James: What have you learned about bookselling since getting involved with Phoenix Books that you can share with listeners thinking about starting a bookstore in their community?
Tricia: “We were lucky that we have the expertise from our mother ship store in Essex. There’s so many things to think about, which are not just pictures and books. Bookstores cannot survive, in my opinion, if they aren’t also a gift store. I know that bothers some people, but it’s the reality. A third of our store is children’s which includes toys, games, puzzles, and plush. Bookstores have to do that in order to survive. It is important to keep in mind that you probably are not just going to be selling books. That’s a big piece of it. The other thing is knowing your community. When we opened up, we thought we knew what the community wanted. Sometimes we were right and sometimes we weren’t in terms of what would sell. That saved us during Covid-19 because we had the perfect business for Covid. People were stuck in their homes and they wanted books for sure, but they also wanted puzzles and games.”
James: The pandemic disrupted every brick and mortar business. How did Phoenix Books weather the storm? What changes made during the pandemic have stayed in place?
Tricia: “There were times when the pandemic first started where we would only have one person in the store. We did that for safety reasons along with curbside pickup, which was great. The customer could pay over the phone and there would be no in-person contact. The other thing that we started that we’ve continued is delivery in Rutland. My manager and I do those deliveries. It’s great because there are a lot of people who still can’t leave their homes or don’t feel comfortable coming in without a mask. We still have a masking policy in our store for staff, but not for people coming in because we get a lot of children in the store and feel strongly about safety. But, I’d say adding delivery and curbside services were the two biggest things the pandemic did to change our store.”
James: What is your role in Phoenix Books Rutland? How would you describe a typical day, what are the joys and challenges of managing a bookstore?
Tricia: “A lot of people think if you work in a bookstore, then you sit around and read books all day. First of all, you don’t sit. You have an 8-hour shift where you don’t sit. UPS or FedEx bring you big big stacks of books, hopefully boxes of books, and you receive them in purchase orders and invoices. Then, you have to shelve them all. That’s a big part of the day. You then have to break down all the boxes. You have people come in who say they were here last week and over at a table there was a book with a green cover that looked really good, but they can’t remember anything about it. We love that kind of challenge. People come in and ask for something for their nine-year-old grandson who really likes dragons. Somebody may come in and look for a birthday present for their father who really likes history. It’s a lot like solving a mystery. Then, there’s people calling in and ordering something over the phone. There’s also internet orders that come in. It’s a very physical job.”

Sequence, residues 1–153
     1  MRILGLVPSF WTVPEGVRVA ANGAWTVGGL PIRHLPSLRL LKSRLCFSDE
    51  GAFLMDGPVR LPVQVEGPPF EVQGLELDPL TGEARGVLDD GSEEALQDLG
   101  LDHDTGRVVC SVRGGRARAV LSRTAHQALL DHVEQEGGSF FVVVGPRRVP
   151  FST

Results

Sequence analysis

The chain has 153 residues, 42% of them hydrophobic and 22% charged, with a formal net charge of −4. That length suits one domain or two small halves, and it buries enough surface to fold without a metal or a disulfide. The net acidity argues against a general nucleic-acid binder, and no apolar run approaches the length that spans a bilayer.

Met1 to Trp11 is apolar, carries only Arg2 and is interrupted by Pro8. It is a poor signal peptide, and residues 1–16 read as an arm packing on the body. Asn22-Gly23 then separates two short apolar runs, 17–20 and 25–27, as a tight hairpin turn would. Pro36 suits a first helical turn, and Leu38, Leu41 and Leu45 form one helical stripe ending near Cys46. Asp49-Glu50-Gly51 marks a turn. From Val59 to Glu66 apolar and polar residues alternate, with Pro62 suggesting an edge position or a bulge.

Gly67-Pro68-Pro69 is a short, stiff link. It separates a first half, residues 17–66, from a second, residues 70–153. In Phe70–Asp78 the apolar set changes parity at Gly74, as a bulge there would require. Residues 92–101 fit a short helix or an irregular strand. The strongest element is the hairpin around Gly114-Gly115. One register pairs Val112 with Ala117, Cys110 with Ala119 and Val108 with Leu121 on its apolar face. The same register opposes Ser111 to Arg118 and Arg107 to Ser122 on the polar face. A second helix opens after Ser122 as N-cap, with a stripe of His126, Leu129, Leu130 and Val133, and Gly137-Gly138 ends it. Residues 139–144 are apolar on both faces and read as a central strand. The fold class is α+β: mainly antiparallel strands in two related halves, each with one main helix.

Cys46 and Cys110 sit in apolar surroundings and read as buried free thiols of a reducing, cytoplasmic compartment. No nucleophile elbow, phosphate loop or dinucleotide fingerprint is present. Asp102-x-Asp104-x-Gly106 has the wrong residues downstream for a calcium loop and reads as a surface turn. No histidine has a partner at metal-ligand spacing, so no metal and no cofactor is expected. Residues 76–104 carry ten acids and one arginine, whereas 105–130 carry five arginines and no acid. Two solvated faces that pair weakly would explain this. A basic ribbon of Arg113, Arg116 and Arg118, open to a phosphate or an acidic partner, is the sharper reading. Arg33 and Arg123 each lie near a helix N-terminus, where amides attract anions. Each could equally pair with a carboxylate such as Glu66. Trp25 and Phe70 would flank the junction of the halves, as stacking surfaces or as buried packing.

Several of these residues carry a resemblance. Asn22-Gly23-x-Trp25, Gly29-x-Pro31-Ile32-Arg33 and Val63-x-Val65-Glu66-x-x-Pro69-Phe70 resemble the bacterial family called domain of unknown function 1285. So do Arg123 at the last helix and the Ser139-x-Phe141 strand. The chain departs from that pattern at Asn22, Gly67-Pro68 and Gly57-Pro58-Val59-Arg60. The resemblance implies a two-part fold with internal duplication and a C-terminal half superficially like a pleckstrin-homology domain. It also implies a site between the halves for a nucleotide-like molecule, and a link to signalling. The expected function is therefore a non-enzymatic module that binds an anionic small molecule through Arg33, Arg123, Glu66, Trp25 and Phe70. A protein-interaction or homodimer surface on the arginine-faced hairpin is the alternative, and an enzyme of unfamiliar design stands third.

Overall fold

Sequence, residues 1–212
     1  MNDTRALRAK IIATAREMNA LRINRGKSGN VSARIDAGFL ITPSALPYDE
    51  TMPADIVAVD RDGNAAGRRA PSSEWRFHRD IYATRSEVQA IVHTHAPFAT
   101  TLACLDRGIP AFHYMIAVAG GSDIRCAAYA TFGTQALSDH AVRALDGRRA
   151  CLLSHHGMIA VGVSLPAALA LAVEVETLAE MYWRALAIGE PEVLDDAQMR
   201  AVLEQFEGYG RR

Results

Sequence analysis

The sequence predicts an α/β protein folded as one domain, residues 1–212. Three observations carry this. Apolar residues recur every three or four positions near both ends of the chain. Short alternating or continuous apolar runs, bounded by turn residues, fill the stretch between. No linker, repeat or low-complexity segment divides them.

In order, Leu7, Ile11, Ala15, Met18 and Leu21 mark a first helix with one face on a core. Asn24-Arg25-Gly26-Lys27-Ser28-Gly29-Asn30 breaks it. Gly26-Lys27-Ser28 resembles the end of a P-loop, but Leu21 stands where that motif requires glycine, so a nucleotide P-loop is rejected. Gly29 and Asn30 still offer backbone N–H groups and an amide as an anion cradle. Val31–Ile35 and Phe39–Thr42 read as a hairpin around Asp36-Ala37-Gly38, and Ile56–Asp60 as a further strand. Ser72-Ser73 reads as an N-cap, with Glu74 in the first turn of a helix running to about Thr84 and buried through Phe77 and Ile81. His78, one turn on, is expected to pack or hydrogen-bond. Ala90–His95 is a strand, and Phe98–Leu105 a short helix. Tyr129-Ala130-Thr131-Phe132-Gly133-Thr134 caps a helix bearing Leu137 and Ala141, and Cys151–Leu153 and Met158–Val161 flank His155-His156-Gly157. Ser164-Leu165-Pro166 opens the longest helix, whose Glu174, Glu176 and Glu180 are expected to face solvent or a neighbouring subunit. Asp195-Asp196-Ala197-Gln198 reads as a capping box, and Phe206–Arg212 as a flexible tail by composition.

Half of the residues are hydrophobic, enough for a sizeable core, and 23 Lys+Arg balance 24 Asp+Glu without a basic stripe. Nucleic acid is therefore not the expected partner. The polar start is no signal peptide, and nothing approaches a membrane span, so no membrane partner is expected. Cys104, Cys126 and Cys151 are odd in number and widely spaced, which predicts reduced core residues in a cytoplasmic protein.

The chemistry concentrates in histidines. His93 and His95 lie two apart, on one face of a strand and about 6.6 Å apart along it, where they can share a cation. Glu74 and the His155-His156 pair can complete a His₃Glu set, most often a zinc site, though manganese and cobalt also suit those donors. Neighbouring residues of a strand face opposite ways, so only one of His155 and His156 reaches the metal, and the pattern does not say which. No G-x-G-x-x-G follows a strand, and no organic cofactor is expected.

James: Physical books, unlike music and movies which are both mostly digital now, are still going strong. What is it about the physical form of a book that has been so resilient?
Tricia: “It’s funny, my daughter is 30 and even her generation still likes vinyl. They still like real books. I don’t know if it’s a nostalgia thing. I have a lot of friends in my book group who read only on Kindles. I personally don’t like it. One of the things with a physical book is it’s a great gift. You can gift Kindle book to somebody, but it’s not really the same. My generation who has grandchildren want physical books, so children’s books are really important in that way. I do have my Kindle readers who tell me they’re great because you can automatically look up the meaning of a word. They’re not so great though because you’re not really sure all the time how far into the book you are. Kindle books don’t come with some of the appendices or maps and photos in the front. I’m a purist.”
James: What are your plans for the upcoming years? What has you most excited?
Tricia: “During COVID, we’ve had our best years sales wise, which is just crazy. I’m definitely looking forward to in-store author events. We had remote author events and there’s pros and cons to that. It was nice to be sitting at home in my jammies eating my dinner while watching an author and not having to charge out into the snow. But, you just don’t get the same feel and the authors really missed it. They really missed that contact. What we want to do is be more creative with off-site author events. We collaborate with the library and have a beautiful theater called the Paramount Theater just a few doors down from us. During COVID, we did have David Sedaris there which was so much fun. We’d like to partner more with Paramount Theater to provide bigger venues for our authors. The other thing is that we’re working more with schools in doing book fairs.”
James: Finally, what do you enjoy reading and do you have any book recommendations to share?
Tricia: “I love mystery, historical fiction, fiction and history. I just read a young adult book called ‘African Town’ and it’s done in a prose poetry way. I didn’t even know because I was listening to this book. It is a lyrical book with fourteen characters. It’s about the last slave ship to come over from Africa to Mobile, Alabama. The voices are the shipowner, the plantation owner, the Africans, and even the ship is a voice. It actually ends in the early 1900s. Africa Town still exists to this day. It’s all based on historical records journals. These are real people. It was fascinating. So if you’re a poet, I hate to say it because I work in a bookstore, but if you could listen to ‘African Town’, it is really lyrical.”